"Sure! I start with a general feeling, concept, theme, or mood that I’m trying to convey in my work. I’ll usually start with both a rough color palette in mind from these ideas, as well as the intended movement and what utensils would be required to convey it. 90% of my time is spent mixing paints, preparing canvases, masking, executing digital renders, and planning. However, the real magic behind my artwork relies on that single, organic movement. After several attempts on practice canvases, I build up my muscle memory to ultimately convey my motion to a prepared canvas. My brain shuts off, and my body becomes one with my utensil. Since every muscle movement critically affects the overall composition, I will only attempt the movement when I’m prepared and in a flow state. From there, I try to immerse myself in the soul of the movement and extrapolate on the story that lies in front of me, and add complementary details such as drop shadows, deep perspective beveled geometries, natural material color schemes like wood and gold, and neon light fixtures. I’m willing to spend a lot of time to get a technique or a paint blend 'perfect', which gives my paintings the illusion of a stark contrast between perfect lines/blends versus organic, flowing movements. This contrast strongly highlights the organic movement, which I believe is the core of my process."
What motivates you to create art?
"I notice that I take a lot of inspiration from hip hop, electronic music, graffiti, extreme sports, and the general freedom of movement which gives me a sense of rebellious, inspired, freedom. When I’m in a flow-state, hours of time can pass by without me noticing, and I love that feeling. While a large piece can take dozens of hours to complete, with a lot of late nights and intense focus, the end result of a piece coming together makes the grind worth it every time. After a big piece, I’ll need roughly a week to recover and regain inspiration again. Another source of inspiration is my wife, Lauren, who is incredibly supportive, holds me accountable to my goals and helps me navigate this new life that we’re both now a part of. Sometimes, hanging with friends, traveling to new places and mentally separating from art really helps clear the way for new inspirations to come up, as well."
Does creating art help you in other areas of your life?
"Ultimately, art has helped me gain confidence in myself. I’ve always felt like I needed a place to 'fit in' and have a purpose, and art has given me a vessel to want to put 100% of my effort into and it’s very nice to feel rewarded and affirmed for that. Like many others, though, I do feel a sense of imposter syndrome that I believe social media has created. I really want to provide a consistent branding online and provide a great viewing experience and relationship with my audience which can sometimes come at the cost of my own mental health. Since I crave being seen, acknowledged and affirmed by others, I have to be careful not to let that affirmation stifle me from growing past my traumas and staying true to who I am. But ultimately, art has given me both a personal and professional opportunity to achieve more than I ever thought was possible."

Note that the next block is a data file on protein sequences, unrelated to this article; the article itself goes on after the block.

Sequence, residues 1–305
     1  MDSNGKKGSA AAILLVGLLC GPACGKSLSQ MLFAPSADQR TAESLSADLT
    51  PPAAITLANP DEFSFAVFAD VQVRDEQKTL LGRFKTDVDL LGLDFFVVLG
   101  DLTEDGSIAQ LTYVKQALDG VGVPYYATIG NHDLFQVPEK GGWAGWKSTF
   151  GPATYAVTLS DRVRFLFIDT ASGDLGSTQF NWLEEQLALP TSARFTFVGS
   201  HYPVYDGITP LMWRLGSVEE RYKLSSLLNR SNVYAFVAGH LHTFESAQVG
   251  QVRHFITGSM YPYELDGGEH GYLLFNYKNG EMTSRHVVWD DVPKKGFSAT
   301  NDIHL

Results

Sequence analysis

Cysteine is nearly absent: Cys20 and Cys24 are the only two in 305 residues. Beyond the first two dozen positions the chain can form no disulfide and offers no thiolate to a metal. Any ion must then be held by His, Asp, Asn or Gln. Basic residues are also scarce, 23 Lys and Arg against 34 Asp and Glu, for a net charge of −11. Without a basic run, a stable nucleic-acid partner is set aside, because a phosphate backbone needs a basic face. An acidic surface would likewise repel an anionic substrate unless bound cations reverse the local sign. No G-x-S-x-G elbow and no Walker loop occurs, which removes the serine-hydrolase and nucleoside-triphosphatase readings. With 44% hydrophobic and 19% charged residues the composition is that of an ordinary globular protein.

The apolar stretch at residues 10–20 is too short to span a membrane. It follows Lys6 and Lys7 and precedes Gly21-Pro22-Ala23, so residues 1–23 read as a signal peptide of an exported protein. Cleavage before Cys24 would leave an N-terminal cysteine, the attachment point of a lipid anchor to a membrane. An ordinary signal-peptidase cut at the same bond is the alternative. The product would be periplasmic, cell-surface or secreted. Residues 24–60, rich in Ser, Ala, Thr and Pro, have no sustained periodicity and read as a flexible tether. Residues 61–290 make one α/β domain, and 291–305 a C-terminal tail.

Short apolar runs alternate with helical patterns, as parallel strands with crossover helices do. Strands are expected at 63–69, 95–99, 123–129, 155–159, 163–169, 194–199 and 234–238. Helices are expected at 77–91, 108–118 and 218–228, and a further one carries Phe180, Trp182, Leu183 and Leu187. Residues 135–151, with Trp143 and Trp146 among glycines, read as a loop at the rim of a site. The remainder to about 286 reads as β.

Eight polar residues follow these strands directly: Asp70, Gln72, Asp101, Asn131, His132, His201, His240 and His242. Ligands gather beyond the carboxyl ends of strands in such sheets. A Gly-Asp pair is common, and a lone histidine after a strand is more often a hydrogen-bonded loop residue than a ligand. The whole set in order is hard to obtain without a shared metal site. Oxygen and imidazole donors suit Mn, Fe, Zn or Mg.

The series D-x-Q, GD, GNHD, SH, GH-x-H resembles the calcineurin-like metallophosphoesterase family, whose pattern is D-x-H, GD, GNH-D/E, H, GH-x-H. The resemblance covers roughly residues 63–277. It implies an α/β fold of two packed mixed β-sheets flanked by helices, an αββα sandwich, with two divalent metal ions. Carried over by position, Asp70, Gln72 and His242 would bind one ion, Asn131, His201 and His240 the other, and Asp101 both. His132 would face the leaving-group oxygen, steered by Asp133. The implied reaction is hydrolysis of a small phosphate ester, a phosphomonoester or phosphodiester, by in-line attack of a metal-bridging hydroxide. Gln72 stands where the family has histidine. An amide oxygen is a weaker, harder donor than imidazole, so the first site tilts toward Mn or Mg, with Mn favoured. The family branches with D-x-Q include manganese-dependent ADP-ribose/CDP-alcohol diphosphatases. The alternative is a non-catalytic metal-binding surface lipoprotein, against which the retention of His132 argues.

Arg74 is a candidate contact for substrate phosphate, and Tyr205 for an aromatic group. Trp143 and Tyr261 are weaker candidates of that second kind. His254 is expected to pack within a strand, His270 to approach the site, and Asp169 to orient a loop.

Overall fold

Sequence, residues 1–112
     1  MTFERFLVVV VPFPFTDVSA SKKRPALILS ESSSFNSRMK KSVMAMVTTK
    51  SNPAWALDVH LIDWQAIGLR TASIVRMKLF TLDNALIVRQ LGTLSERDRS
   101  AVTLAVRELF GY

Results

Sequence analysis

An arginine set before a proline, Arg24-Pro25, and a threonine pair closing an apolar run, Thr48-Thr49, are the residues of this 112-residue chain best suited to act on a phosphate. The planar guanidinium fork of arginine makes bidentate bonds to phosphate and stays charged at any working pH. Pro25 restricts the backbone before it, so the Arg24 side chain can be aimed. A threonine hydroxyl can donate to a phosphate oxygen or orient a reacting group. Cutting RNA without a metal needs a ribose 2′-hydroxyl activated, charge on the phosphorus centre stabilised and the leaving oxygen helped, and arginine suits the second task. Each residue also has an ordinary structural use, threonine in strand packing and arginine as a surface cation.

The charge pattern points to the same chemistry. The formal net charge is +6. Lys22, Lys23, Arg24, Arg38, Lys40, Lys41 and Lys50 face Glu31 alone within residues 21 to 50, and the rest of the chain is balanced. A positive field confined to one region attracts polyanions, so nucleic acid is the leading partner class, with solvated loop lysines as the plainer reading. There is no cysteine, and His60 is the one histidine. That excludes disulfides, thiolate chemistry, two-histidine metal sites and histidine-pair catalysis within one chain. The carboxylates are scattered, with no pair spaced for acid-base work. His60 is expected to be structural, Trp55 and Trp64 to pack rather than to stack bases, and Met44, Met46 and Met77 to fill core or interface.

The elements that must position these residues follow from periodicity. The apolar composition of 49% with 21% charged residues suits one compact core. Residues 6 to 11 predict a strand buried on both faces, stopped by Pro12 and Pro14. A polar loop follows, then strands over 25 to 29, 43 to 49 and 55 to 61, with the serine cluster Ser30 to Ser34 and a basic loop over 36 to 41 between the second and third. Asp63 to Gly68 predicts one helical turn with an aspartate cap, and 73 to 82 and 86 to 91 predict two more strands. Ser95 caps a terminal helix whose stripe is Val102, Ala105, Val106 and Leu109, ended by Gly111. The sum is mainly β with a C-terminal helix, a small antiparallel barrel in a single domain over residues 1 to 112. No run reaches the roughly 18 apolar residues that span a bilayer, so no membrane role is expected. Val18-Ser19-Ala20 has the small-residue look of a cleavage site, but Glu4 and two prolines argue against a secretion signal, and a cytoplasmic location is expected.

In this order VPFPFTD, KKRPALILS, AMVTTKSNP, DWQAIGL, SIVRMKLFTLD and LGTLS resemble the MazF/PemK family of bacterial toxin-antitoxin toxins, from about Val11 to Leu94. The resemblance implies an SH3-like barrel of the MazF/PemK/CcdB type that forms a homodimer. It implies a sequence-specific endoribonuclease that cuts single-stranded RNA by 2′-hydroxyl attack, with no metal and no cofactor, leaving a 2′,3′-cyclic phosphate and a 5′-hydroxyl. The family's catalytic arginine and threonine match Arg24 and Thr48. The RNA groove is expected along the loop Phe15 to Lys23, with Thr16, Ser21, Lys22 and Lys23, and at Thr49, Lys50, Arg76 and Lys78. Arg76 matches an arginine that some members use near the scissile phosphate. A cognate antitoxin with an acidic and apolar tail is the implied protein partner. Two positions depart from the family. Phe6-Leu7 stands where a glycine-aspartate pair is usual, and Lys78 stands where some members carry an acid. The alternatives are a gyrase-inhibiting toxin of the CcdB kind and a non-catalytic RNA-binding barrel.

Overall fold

How do you define success as an artist?
"To be honest, I’m still working on this. What I know for certain is that I’m most proud of my work when I’m pursuing something new and pushing the boundaries of my technique. It pains me to recreate artworks since the original intention of the art piece is difficult to re-tap into. For me, art is such a personal expression that, perhaps, success may look like: staying true to my own journey and not trying to do something with the 'wrong' intention. For me, I have to acknowledge that I’m a human and I’m going to have ups and downs both personally, creatively and professionally, so being kind to myself in the tough times and humble in the great times has proven to be very important. Therefore, I think success will be less measured on anything monetary or publicity-wise, and more on how proud I am of simply doing my best."
Where do you sell your work?
"I sell my work on my website, at nickbultmanart.com or nickbultman.com (I have both domains). You can purchase ultra-high quality, giclee reproductions of my best work directly from my website along with a few older collaborative works. However, I’m currently directing all original artwork purchases and pricing inquiries through my gallery. I’m represented by an amazing group of people at Red Eight Gallery in London, UK. They specialize in blue-chip & emerging artists and since partnering in July 2022, they’ve helped introduce me to both the professional side of the art world, as well as the international market and I’m very excited to announce an upcoming solo with them in 2023."
Visit his website: nickbultmanart.com
Follow him on Instagram: @nbultman_art
Congratulations on your win, Nick!
To celebrate all of our amazing artists, every month we will be sending out a 32 oz kit to a couple of artists who have tagged us on Instagram—and we'll share their work with the world!